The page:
Ny-Ålesund (78°55′ N, 11°56′ E) in the Norwegian Archipelago of Spitzbergen (Svalbard)
Station manager: Angelo Viola
INTERACT Station reference: Luigi d'Acqui
Station Manager:
Luigi D'Acqui
TA/RA contacts:
Luigi D'Acqui

Shortlist from Station Catalogue over facilities and science disciplines.



CNR ArcticDefinitions of the Arctic vary according to environmental, geographical, political, cultural and scientific perspectives. Some scientists define the Arctic as areas having a high latitude, long winters, short, cool summers,... More Station “Dirigibile Italia” is the Italian scientific station in Svalbard. It is funded and managed by the National Research Council of Italy (CNR).


The Italian Arctic Station Dirigibile Italia is a multidisciplinary research facility located in Ny-Ålesund (78°55′ N, 11°56′ E) in the Norwegian Archipelago of  Spitzbergen (Svalbard). The station is managed by the National Research Council of Italy (CNR) and the activities are coordinated by the Polar Support Unit of the CNR Department of Earth and Environment: POLARNET. The station was opened in 1997 and supports interdisciplinary research. The station was named Dirigibile Italia in honour of Umberto Nobile’s airship expedition of 1928.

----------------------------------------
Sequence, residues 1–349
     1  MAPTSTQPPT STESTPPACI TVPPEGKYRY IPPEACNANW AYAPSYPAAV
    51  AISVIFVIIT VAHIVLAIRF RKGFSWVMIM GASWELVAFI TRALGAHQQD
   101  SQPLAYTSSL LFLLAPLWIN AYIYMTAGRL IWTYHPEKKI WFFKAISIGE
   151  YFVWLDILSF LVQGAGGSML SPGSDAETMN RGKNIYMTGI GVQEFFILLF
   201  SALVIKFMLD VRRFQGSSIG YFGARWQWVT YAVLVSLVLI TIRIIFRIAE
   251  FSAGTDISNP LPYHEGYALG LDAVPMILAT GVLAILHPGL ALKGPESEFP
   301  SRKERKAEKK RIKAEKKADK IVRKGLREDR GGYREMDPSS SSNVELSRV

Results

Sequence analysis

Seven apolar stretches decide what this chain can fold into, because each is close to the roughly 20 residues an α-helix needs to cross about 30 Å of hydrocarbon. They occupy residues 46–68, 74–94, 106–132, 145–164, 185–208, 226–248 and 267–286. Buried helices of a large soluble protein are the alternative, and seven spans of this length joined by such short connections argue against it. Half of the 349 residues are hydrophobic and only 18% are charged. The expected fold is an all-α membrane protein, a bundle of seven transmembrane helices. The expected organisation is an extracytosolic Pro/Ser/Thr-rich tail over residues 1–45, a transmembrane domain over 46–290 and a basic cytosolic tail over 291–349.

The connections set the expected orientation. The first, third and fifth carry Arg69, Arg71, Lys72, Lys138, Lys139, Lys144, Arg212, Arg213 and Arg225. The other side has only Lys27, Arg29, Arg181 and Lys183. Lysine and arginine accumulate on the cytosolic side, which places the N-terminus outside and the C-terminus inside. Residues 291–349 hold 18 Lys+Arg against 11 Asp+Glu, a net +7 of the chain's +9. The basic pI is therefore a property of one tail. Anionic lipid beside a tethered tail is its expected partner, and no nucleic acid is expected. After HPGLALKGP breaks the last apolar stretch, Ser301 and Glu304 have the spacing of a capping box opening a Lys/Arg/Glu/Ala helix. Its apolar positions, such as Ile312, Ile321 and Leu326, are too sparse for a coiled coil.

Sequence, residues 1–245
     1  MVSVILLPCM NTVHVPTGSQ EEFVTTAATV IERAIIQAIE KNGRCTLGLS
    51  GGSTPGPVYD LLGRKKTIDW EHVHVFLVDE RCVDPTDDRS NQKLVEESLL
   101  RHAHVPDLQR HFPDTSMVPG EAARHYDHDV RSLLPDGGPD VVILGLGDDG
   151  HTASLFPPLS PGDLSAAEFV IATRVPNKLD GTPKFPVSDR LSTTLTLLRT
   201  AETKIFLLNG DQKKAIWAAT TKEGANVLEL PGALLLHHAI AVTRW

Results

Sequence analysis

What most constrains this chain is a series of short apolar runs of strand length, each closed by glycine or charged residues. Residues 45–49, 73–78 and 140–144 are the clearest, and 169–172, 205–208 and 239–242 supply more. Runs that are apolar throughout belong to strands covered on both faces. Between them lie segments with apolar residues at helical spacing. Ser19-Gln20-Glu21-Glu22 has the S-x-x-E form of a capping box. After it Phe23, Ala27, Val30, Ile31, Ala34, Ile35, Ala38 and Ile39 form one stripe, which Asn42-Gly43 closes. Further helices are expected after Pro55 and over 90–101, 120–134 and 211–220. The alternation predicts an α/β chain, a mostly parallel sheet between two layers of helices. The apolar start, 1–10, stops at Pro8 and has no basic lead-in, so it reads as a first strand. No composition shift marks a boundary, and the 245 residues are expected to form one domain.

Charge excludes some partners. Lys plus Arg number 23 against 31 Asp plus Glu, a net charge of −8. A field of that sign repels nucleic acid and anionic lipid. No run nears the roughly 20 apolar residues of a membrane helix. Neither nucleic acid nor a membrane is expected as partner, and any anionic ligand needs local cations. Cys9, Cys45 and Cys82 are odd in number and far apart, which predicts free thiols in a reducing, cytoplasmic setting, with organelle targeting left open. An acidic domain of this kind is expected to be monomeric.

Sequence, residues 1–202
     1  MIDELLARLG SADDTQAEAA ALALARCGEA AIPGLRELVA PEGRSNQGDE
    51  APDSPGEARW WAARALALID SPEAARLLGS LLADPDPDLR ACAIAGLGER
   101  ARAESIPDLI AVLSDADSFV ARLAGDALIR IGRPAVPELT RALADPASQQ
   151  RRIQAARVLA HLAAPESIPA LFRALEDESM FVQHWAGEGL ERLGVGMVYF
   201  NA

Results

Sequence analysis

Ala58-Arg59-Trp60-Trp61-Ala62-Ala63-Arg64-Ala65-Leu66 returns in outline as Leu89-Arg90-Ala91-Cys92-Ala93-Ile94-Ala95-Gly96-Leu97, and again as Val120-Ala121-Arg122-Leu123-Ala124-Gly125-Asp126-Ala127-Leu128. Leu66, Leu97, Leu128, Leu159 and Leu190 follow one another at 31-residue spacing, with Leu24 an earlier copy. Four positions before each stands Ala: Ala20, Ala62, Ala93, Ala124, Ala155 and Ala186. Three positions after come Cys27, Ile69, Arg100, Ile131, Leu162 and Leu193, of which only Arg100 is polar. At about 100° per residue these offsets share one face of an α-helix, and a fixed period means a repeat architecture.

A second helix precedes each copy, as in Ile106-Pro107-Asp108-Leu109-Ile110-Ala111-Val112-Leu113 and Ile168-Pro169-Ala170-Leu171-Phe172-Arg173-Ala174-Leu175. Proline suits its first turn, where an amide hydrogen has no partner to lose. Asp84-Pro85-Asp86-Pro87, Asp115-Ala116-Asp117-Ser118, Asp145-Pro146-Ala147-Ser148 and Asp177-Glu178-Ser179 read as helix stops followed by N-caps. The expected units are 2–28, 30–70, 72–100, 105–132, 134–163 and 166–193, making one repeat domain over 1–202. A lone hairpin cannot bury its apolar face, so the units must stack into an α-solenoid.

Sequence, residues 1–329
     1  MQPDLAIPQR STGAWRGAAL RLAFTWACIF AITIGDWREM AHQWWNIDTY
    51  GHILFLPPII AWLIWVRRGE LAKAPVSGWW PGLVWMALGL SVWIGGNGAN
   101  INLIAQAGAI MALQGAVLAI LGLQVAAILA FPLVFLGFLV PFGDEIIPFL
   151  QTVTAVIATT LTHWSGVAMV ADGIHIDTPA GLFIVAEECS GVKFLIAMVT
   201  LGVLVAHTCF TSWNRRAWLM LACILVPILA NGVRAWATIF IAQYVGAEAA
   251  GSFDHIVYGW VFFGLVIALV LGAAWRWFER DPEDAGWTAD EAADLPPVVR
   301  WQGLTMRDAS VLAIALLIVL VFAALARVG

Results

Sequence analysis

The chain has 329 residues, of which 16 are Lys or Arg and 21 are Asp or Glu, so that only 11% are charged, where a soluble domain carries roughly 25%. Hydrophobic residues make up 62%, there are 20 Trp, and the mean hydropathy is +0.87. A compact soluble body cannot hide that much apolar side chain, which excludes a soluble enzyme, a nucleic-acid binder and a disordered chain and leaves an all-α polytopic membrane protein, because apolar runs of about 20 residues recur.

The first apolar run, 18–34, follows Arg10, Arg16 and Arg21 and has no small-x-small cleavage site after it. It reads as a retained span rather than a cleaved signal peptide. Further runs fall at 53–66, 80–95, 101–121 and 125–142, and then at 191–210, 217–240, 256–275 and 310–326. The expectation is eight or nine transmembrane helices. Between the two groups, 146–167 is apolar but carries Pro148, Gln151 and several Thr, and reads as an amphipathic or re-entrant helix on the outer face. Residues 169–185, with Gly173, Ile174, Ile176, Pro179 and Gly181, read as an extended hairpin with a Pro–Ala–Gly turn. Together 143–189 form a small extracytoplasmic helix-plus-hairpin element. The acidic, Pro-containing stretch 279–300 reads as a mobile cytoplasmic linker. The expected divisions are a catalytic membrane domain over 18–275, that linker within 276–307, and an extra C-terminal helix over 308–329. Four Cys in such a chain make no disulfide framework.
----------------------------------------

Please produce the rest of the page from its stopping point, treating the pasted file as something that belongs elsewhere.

The station is located in Ny-Ålesund, on the shores of Kongsfjorden, on the west coast of Spitzbergen, the largest island of the Svalbard archipelago. Ny-Ålesund was a mining village until 1963. During the 1990’s it transformed into a multidisciplinary science settlement, and today stations from 10 different nations host researchers from up to 20 different countries. The area around the village is geographically diverse, including the fjord with several islands, a plateau, alluvial plains, mountains with large glaciers and extensive moraine systems, glacial rivers, coastal lagoons, and a small lake. The area further includes ornithological reserves and a nature reserve with regulated access.